World's Best Boss

Leadership Roundup

Leading worship isn’t just about music. It’s also about leading people: the people on your team and the people in your congregation.

There are so many great articles on leadership being posted online, and I’m finding new ones every week. So that means it’s time for this week’s Leadership Roundup.

Below you’ll find some of the best leadership resources I came across this week. Save them to Instapaper or Pocket or Read It Later or your bookmarks, and check them out when you have some time this weekend. Be challenged and be encouraged. Be a better leader.

Remember, these are just excerpts, but I strongly encourage you to click through and read each post in its entirety.

Paul LaRue explains why you need to set goals for the “in-between” times:

You’ve been diligent at creating goals for your organization, your team, and yourself.

You have laid out objectives for people development, and your own leadership development.

That’s all well and good, but have you neglected another set of goals, one that rounds out the whole person you’re trying to become?

Have you set goals for the non-work, or down-time portions of your life?

Kevin Kruse has some advice on leading well when change is in the air:

Change. That word can be a very troubling thing for some people. And for others, it is a welcomed reprieve from a monotonous pattern. Regardless of where you personally fall on the continuum, the reality is that at some point in each of our lives, we will be faced with change. And there’s nothing you can do about it! But how you react to that change and how you help others walk through change; now that is what you can do something about.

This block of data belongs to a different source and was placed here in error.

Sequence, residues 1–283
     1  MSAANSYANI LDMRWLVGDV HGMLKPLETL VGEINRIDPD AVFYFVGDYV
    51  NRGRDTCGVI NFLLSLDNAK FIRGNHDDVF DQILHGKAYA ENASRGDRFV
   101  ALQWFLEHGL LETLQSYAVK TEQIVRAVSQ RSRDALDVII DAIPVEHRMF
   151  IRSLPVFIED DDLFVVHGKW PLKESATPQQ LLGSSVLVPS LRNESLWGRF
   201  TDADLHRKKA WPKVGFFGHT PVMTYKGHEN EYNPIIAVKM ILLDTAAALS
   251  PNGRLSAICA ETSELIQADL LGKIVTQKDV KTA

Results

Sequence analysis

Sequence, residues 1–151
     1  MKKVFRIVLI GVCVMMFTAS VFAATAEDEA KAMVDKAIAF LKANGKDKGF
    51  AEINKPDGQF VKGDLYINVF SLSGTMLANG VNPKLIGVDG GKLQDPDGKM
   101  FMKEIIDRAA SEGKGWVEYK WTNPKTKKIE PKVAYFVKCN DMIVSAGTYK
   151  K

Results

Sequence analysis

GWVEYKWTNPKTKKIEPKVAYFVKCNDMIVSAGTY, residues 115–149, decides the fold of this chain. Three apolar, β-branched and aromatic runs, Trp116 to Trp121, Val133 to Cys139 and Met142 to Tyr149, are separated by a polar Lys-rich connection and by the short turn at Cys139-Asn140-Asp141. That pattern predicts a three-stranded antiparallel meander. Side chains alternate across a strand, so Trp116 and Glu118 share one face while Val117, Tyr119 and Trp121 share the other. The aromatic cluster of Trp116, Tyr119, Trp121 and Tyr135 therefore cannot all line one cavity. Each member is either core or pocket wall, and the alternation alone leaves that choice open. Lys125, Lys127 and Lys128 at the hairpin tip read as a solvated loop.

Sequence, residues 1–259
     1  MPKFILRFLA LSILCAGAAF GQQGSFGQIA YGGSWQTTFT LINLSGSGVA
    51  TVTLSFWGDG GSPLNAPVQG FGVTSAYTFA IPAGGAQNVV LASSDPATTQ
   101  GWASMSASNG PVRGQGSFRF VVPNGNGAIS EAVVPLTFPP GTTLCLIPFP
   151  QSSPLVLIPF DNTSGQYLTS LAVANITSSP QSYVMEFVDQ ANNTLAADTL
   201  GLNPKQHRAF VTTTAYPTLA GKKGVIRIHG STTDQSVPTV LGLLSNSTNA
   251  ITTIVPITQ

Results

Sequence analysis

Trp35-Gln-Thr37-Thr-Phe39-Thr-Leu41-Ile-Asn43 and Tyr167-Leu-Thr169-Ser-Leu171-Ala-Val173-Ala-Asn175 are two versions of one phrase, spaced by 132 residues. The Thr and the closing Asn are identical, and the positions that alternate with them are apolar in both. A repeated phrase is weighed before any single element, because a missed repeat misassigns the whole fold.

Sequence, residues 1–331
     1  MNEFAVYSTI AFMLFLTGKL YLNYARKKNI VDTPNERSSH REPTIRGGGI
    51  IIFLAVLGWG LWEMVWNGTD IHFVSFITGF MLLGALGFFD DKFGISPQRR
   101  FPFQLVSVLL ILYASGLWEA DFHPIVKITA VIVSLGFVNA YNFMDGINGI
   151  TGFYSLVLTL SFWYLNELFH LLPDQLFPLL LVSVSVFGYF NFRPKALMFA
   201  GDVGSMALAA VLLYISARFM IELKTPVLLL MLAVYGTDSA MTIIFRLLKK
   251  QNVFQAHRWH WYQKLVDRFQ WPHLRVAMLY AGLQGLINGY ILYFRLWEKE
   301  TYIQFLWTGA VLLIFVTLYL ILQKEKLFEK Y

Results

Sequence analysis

Carey Nieuwhof lists five reasons that church leaders are highly susceptible to moral failure:

In the beginning, most pastors and leaders have excellent motives…and then something happens.

While I’m sure the pattern varies between people and situations, I’ve seen some patterns I’ve learned to check in myself.

I share them in the hopes they can help every leader before they get into an even slightly compromising situation, let alone an affair or other morally tainted situation.

Phil Cooke lays out seven steps an organization should immediately take when a leader experiences a moral failure:

In the religious and nonprofit world, a leader’s moral failure still has a major impact. Along with the theological and scriptural issues, there’s also a significant trust issue involved. The common thinking is that if he or she can’t be trusted to honor marriage vows, then the leader is likely untrustworthy in other areas as well. However you personally fall on the spectrum of that thinking, the truth is, churches, ministries, and nonprofits take a heavy hit when a leader has an affair, or worse, is involved in illegal sexual behavior. In these cases, how the organization reacts in the first 24 hours is critical. Having advised numerous organizations through these difficult situations, here’s my recommendations for the first 24 hours of the crisis…

Marshall Segal reminds us why the impact of a leader’s moral failure affects so many others:

Reactions will range from confusion to disbelief to fury. Some will wonder how sin could capture the heart of someone God has used so powerfully in the church. Some will look for all the dirty details, secretly glad to see another gifted leader go down. Some will withdraw and rebel in disgust and anger, not willing to trust or submit to leadership in the church again.

Whatever else we feel and learn in the wake of the fall, we should see that the consequences of sin in leaders seep into the church, leading people astray — away from God and against him.

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